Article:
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always: for our land is in the low part of the earth towards the West, and the land of Prester John is in the low part toward the East.” “ Jerusalem," he adds, “ is in the midst of the world ; and that it should be in the midst of the earth David witnesseth in the Psalter, when he saith Deus operatus est salute in medio terre-God is my king of old, working salvation, in the midst of the earth!"
In a similar manner, but in a less degree, do many in our own day read the Scriptures through their prejudices. Their mistaken views in science and theology throw over the hallowed pages a colour and complexion which certainly do not belong to them. The notorious Tom Paine affords an instructive illustration of this fact. He held up the Scriptures to ridicule, for the ignorance he supposed them to discover on certain astronomical questions, stating, as he thought quite correctly, the real theory of the heavenly bodies. After-discoveries have shewn that all his statements were wrong, and the Bible, which did not furnish the details he was anxious it should give, remained untouched by these later researches.
And we shall find this to be the case generally. The Bible conforms its scientific disclosures to the same rule as its more strictly prophetical writings. We think it wrong to pry too curiously into unfulfilled prophecy. Its fulfilment is often regarded as the only legitimate key to its proper interpretation. Just so it seems to be in the other case; but unwilling to wait the result, we bring our own blunders and prejudices to the task, and insist on making the Bible speak as we should do, had it been our work instead of God's. This, then, is what we mean by prejudice in connexion with Revelation..
Let us look a little in detail at some of these prejudices. One of the most common of these notions id, that the Bible limits both the extent and duration of the Universe-a theory not only at variance with the modern discoveries of Astronomy and Geology, but especially repugnant to the scientific sceptic, and especially the Deist; who ridicules the littleness of such a notion, and denounces it as derogatory to the majesty of his God, for whose character and attributes he is nevertheless mainly indebted to the sacred oracles.
Those who entertain this prejudice suppose that our Earth is the first body in the Universe in point of dignity and importance--that the Sun occupies the second, and the Moon the third place in creation, whilst the stars are only little lamps manufactured expressly for our use, or rather perhaps for the ornament of our heavens, as they give too little light to do us much service. As to the inhabitants of the universe, their creed is that they are exclusively confined to this earth-to man and the inferior animals, as low perhaps as the animalcules and infusoria, but certainly no higher than our own species.
Such are the narrow, the prejudiced views with which thousands approach the Bible. Anything opposed to them is at once denounced, and we are told, if we embrace it, that we are either downright infidels, or very indifferent Christians—that we are in fact setting up our opinions against the testimony of Inspiration. But we are, so to speak, only weeding the broad fields of Theology, plucking up those plants which our Heavenly Father has not planted, and bringing out the full glory of the tried gold of the word.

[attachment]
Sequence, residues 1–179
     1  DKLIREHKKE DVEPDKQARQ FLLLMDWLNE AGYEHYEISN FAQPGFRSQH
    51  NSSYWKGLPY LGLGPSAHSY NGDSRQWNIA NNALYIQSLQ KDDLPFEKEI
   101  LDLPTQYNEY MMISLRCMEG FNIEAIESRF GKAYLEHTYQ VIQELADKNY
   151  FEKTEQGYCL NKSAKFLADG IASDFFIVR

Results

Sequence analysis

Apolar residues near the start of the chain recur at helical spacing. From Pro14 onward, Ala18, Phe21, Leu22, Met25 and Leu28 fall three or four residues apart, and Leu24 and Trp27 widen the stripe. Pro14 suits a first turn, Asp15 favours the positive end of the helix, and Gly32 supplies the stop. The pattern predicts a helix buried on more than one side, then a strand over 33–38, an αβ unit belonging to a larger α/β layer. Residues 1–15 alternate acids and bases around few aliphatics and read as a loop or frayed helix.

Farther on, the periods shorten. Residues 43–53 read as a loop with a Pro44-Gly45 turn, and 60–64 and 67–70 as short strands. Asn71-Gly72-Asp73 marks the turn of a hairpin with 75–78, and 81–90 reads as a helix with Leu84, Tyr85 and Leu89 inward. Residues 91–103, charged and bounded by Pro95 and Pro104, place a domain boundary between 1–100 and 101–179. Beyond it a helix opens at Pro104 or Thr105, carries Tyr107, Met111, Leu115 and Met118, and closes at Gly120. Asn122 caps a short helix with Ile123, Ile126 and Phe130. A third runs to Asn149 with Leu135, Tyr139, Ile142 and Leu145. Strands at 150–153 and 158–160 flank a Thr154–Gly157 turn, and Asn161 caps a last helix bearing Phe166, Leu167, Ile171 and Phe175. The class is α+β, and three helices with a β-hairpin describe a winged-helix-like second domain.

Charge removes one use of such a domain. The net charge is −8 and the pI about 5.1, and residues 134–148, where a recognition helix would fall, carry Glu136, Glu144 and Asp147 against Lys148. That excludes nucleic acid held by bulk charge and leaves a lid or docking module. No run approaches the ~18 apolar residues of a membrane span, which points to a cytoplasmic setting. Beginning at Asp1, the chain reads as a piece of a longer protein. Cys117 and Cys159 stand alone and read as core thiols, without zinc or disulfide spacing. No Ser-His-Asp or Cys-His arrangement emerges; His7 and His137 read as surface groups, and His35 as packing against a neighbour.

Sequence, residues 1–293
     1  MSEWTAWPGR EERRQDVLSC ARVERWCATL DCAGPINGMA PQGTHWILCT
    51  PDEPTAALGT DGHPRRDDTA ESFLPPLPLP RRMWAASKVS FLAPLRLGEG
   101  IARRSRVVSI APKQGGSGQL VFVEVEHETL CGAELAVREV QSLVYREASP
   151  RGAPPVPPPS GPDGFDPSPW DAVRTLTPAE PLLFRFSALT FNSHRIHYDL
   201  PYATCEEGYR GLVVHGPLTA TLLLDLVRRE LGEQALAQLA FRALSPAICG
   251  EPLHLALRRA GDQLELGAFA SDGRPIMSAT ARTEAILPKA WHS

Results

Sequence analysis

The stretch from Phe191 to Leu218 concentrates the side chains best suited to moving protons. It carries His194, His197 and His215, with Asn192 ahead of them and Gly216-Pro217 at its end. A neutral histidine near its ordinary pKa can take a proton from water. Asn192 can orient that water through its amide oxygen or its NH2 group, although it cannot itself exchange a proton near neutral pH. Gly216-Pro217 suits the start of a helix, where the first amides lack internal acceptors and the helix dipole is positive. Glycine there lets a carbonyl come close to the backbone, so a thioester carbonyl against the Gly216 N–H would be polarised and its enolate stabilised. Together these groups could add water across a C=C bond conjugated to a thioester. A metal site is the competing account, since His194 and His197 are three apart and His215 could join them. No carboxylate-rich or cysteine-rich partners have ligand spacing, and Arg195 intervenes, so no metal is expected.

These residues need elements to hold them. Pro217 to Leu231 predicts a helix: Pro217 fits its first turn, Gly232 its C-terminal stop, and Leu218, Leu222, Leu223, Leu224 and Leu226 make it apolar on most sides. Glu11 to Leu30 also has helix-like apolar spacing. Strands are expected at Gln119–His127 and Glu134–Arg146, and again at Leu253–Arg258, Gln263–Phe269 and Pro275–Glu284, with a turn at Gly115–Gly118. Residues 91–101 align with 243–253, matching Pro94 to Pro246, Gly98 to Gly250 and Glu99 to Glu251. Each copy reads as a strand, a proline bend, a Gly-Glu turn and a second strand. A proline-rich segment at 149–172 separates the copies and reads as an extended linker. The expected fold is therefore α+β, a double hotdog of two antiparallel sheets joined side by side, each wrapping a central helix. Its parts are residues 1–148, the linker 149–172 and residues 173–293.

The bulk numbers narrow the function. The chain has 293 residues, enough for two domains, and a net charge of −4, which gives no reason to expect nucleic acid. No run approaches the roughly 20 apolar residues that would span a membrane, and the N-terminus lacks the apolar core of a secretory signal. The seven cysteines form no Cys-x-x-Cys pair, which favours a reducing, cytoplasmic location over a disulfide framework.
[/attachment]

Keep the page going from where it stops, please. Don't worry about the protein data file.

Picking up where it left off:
For does the Bible anywhere tell us that there are no worlds in Creation but our own? Not to insist on the fact that it speaks twice of “the worlds,” (Heb. i. 2, and xi. 3,) it leads us to infer their existence from many other texts, and that they are peopled with intelligences who shall join with us to swell the chorus of that majestic gathering of all things together in One, when the dispensation of the fulness of times shall come, and the restitution of all things be achieved..
We think it obvious that the doctrine of a plurality of worlds is to be found in Scripture. The stars are there described as innumerable, whilst those visible to the unassisted eye have been actually numbered and mapped out. The more we increase the power of our telescopes, the more fully do we develop the literal accuracy of this statement. At all events, there is certainly nothing in the Bible opposed to the idea of an indefinitely extended, a limitless universe. If the royal psalmist had no ideas beyond those of our old-fashioned and prejudiced readers of the Bible, he uttered one of the veriest platitudes when he contrasted man with the stars, so much to the disparagement of poor humanity. Could he suppose, as many in our own day do, that these stars were mere specks of light? Yet this is the alternative to which such a supposition would reduce us. Ought we not rather to suppose that David, or the Spirit speaking by David, had adequate ideas of the majesty of the universe, when he directed attention to these remoter suns and systems in the panorama of Creation? The inconsistency would not terminate with the fact that he believed the stars to be mere material worlds, though larger than this earth, or even its central sun. The pious ejaculation of the psalmist seems indeed to suppose the existence of life or intelligence in these remote spheres; as under no other view can we imagine them to display greater wisdom, or to reflect more glory on their Great Framer than man, his crowning work.'
But we scarcely require this concession. The Bible is full of intelligences superior even to our own exalted species; angels, archangels, thrones, dominions, principalities, powers, cherubim and seraphim. These must dwell somewhere. At all events they exist, to set aside the charge brought against Revelationthat it limits, rather than extends, our ideas of Creation animate and inanimate.